Male torrent ducks (drakes) have a striking black and white head and neck pattern and a red bill as evidenced by this photograph. Both of these are males and they are competing for a female (hen) just to camera right. In flight they show dark wings with a green speculum. You can see this speculum in another photograph, “Male Torrent Ducks Displaying“. Females of all subspecies are somewhat smaller than the drakes; they have orange underparts and throat, with the head and upper parts grey and a yellower bill. See my other photograph, “Male Torrent Ducks Posturing for a Fight“. Juveniles are pale grey above and whitish below.
Torrent Ducks inhabit the Andes mountains of western South American from the southern tip of Argentina all the way north to Venezuela. See the inserted range map. Unlike most waterfowl that prefer calm pools or sluggish water, this is a duck of fast-flowing rivers and streams above 4900 feet. Although able to swim up-current with no apparent exertion, Torrent Ducks are reluctant to fly more than very short distances. They nest in small waterside caves and other sheltered spots. Seldom associating with other water fowl, Torrent Ducks are almost always seen as singles or pairs. They feed mainly on aquatic invertebrates, mainly insect larvae, mollusks and crustaceans and probably some fish and terrestrial worms. I photographed these Torrent Ducks in the Rio Quijos River in Ecuador not far from Guango Lodge.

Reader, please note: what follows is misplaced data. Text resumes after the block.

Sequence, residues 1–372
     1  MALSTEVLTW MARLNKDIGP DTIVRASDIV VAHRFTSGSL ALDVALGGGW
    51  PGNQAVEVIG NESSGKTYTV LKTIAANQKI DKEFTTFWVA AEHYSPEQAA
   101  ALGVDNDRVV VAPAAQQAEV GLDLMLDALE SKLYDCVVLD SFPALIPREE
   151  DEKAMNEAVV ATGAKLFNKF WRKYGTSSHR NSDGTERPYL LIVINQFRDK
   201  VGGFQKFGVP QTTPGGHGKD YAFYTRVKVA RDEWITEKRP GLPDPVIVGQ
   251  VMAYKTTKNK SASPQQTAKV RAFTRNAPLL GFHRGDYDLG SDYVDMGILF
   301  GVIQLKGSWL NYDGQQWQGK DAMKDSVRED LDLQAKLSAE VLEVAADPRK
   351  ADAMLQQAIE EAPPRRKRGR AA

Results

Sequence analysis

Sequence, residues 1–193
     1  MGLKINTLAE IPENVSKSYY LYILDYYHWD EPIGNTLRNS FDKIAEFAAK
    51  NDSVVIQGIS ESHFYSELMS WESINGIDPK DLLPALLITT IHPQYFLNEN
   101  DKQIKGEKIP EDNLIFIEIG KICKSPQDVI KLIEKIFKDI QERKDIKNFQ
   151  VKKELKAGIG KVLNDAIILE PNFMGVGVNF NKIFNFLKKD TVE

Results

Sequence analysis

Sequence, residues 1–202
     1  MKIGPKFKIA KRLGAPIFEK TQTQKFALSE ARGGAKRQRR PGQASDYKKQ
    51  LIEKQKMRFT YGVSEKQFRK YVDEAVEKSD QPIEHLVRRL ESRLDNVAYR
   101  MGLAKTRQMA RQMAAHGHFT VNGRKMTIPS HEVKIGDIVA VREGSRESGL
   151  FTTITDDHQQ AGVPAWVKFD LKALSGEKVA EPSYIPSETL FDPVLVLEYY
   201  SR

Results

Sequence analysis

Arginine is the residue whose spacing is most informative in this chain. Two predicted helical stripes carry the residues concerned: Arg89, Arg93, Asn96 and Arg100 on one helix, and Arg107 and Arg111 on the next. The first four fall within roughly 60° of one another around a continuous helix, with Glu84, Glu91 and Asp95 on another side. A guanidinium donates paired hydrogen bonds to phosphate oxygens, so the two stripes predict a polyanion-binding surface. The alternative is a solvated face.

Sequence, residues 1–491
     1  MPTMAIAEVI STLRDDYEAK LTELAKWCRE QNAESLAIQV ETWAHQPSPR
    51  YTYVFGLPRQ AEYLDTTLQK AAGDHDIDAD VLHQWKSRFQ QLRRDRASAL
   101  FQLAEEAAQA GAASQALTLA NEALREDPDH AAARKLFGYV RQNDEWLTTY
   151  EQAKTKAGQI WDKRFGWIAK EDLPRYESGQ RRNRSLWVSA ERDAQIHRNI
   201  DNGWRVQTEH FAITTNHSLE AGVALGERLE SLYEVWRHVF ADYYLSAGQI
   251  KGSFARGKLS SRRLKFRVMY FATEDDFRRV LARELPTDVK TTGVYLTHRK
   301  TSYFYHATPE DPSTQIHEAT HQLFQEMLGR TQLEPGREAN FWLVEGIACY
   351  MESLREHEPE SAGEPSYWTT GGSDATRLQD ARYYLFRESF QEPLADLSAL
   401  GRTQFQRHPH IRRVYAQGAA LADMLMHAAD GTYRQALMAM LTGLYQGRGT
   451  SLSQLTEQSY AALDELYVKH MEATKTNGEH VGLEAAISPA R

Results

Torrent Ducks are not quite as large as Mallards, ranging 17–18 in long. They are about the size of North America’s Wood Duck.
Male torrent ducks have a striking black and white head and neck pattern and a red bill. In flight they show dark wings with a green speculum. Females of all subspecies are somewhat smaller than the drakes; they have orange underparts and throat, with the head and upperparts grey and a yellower bill. Juveniles are pale grey above and whitish below.
The male’s call is a shrill whistle, while the female’s is a throatier whistle.
This is a declining species due to competition for its invertebrate food from introduced trout, pollution, forest destruction, and damming of mountain rivers for hydroelectric schemes. The Chilean population seems to be relatively stable, while the more northern ones are more seriously affected. However, the overall population is still large enough to warrant classification as a Species of Least Concern in the IUCN Redlist.
The subspecies taxonomy can be confusing. Males of the southern nominate subspecies M. a. armata, the Chilean torrent duck, have grey back and blackish underparts, with a chestnut belly. Males of the slightly smaller northern subspecies, the Colombian torrent duck, M. a. colombiana, are paler underneath, with streaked grey-brown underparts. Males of a third subspecies, the Peruvian torrent duck, M. a. leucogenis, are intermediate but very variable in plumage; some have entirely black underparts (turneri morph). Only males of the Chilean torrent duck have a black ‘teardrop’ mark beneath the eye. The Peruvian torrent duck is sometimes split into 4 subspecies (leucogenis, turneri, garleppi and berlepschi), but these are more likely simply color variations, as they are not limited to distinct areas.
Torrent ducks, like other perching ducks (e.g. North America’s Wood Duck, Black-bellied Whistling Duck, Fulvous Whistling Duck) have a spur or boney extension at the wing bend; analogous to our elbow. This assists them climbing over slippery rocks in their fast-current environments. Male and female Torrent Ducks display sexual dimorphism. The sexes have significantly different plumages as this photo clearly shows.